Write up each question you will be asking. Number them 1) 2) 3)  or 1. 2. 3. or a) b) c) etc. Numbering them allows everyone (your interviewee, producer and yourself) to know which question you are referring to. It may also help in the edit.

Numbering also helps if you are interviewing various people about the same subject. You can choose which questions you will ask each person and just list the question numbers to refer to.

Dave: 2, 5, 6

Sarah: 1, 2, 4

Carlo: 3, 4, 5, 6

Keep questions fairly short

If you ask a long multi-part question the interviewee can get confused and not give you an answer that you can use. It can also be frustrating to them.

So this is too long and too confusing:

Q: How old were you, where were you and what were you doing when you first realised that competing in breaststroke in the 200 metres medley in the Olympics in Tokyo in 2021 was your ultimate dream?

Better to ask a series of short to-the-point questions.

Q 1: How old were you when you realised that competing in the Olympics was your dream?

Q 2: Where were you?

Q 3: What were you doing at the time?

Q 4: Why breaststroke and why the 200 metre medley?

Q 5: The 2020 Tokyo Olympics has been postponed due to Covid-19. Are you training for the Olympics in 2021?

Now some questions may evoke an answer to the next question or cover a few questions.

Q 2: Where were you?

A: I was swimming in a school carnival and I won the breaststroke. The blue ribbon. It felt so good that I wanted to win more.

Now that answer included an answer to Q 3: What were you doing at the time?

So don’t ask that question, skip it.

Plus it mentioned the style of swimming (breaststroke) so you need to adjust Q 4: Why breaststroke and why the 200 metre medley? Something like this:

Q 4: Why not an individual event? Why did you choose the 200 metre medley?

NOTE: After the interview, there is no need to write the answers in the script (unless a producer asks you to do so).  

Timing a script 

You have to deliver your audio at the specified durations set out in the Subject Guide.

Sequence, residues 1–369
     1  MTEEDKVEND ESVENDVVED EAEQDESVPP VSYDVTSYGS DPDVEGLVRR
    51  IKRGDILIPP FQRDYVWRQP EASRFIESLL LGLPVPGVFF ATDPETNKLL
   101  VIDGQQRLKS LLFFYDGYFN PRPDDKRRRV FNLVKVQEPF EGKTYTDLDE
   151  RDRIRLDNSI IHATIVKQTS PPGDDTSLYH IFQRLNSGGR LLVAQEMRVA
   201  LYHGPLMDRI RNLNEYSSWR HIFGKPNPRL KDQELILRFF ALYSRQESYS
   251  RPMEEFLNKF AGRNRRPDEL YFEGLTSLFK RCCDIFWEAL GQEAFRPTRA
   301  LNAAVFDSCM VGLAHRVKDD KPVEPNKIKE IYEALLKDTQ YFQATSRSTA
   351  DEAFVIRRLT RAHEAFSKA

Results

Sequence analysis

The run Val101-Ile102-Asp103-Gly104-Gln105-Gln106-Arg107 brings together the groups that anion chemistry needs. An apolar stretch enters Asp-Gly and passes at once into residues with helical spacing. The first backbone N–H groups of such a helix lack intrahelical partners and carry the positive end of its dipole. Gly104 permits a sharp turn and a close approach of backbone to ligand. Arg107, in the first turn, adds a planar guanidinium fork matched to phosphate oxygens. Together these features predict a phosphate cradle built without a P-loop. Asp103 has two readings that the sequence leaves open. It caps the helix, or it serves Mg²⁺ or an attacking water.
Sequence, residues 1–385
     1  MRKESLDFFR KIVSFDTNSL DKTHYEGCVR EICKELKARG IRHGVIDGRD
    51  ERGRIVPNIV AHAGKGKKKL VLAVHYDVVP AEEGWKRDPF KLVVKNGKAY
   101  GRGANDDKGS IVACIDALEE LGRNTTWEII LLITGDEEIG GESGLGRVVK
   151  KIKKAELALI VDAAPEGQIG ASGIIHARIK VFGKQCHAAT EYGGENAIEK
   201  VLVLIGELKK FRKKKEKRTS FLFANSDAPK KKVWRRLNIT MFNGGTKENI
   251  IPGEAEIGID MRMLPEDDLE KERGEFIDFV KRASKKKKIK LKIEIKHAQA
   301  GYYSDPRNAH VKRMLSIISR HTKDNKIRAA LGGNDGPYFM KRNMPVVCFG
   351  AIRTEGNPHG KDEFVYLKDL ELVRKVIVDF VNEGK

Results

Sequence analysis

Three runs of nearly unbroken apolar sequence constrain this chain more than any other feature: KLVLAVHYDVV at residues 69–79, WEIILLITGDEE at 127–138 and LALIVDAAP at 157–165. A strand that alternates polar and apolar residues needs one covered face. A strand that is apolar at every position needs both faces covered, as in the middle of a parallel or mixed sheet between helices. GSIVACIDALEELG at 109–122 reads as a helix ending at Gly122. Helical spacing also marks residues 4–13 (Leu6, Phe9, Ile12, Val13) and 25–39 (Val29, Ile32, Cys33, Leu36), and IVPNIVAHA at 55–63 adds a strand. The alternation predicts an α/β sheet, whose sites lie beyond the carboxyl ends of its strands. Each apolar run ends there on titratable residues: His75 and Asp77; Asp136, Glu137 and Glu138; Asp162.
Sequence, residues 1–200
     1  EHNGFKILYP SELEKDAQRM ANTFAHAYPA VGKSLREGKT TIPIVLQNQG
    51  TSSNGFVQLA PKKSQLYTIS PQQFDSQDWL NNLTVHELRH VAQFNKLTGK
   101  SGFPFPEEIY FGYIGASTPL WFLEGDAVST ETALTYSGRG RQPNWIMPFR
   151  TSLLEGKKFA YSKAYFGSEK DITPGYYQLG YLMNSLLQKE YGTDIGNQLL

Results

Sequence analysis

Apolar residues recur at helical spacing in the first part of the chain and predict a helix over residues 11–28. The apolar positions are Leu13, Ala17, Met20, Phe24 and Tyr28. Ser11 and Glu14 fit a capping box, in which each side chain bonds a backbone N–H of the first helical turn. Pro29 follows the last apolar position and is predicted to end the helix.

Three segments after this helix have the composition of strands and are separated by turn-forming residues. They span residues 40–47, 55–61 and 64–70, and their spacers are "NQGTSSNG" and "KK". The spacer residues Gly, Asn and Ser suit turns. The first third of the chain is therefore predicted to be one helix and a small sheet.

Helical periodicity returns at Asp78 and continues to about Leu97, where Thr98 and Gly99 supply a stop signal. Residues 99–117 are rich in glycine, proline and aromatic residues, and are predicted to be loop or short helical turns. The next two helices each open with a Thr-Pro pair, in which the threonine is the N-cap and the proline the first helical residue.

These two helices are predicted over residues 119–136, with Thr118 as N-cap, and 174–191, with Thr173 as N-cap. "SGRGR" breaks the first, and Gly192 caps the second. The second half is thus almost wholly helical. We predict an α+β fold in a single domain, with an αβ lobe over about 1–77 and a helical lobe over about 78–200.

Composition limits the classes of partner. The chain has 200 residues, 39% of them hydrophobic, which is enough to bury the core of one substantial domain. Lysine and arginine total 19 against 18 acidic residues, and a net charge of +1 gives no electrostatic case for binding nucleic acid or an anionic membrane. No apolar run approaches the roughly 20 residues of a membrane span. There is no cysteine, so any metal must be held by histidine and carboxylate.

Podcast:  8-10 minutes

Audio feature: 5-8 minutes

This means you need to time it before recording it.

screenshot of a phone stopwatch used as a timer
Use your phone to time your script. Screenshot: Caz Adams

Use the stopwatch on your phone to time your script. But don’t read it silently to yourself because when we read it to ourselves we speak faster than we do when recording it and the timing won’t be accurate.

So read it out loud, at the level of voice you will use when recording on a microphone. This should give you a fairly accurate timing.

You can talk through the music and SFX timings as you are timing it or talk through them afterwards and add that time to your script timing. 

 TASK

 Even if your script is not yet finalised, use a section of it and write in Music and SFX.

If SFX or Music needs to come in the middle of some dialogue, remember to reformat the dialogue (as in the example above).

Once you’ve done that, ask yourself it there are more SFX or Music that could bring it to life. If so, add them.

NOTE: Having all the Music and SFX listed in the script will give you (the Producer) a clear understanding of what level of performance is required at each point of the script.

Moving forward with your Podcast/Audio Feature 

Part 1

Once you’ve finalised your script, do this whole process with the entire script.

This will make it so much easier for you to gather the music and SFX (on the Student Drive) before the edit.

Having all audio organised, will save you a heap of time and frustration during the edit.

      1. Now open your Word doc named Research/Notes.
      2. Add a new heading at the bottom: Editing Notes
      3. Underneath add 2 more headings: Music and SFX
      4. Under each heading list all the music styles and the SFX that you have just written in your script.

* This list of SFX and Music in your Research/Notes doc will form part of your Audio assessment.*

Part 2

      1. Open your Word doc named – Script
      2. Add a new heading at the bottom: Interview Questions
      3. Under that write your questions.

* These questions are part of your Script which will form part of your Audio assessment.*

Author: veritychambers

Journalist and teacher

Leave a Reply

Fill in your details below or click an icon to log in:

WordPress.com Logo

You are commenting using your WordPress.com account. Log Out /  Change )

Google photo

You are commenting using your Google account. Log Out /  Change )

Twitter picture

You are commenting using your Twitter account. Log Out /  Change )

Facebook photo

You are commenting using your Facebook account. Log Out /  Change )

Connecting to %s

This site uses Akismet to reduce spam. Learn how your comment data is processed.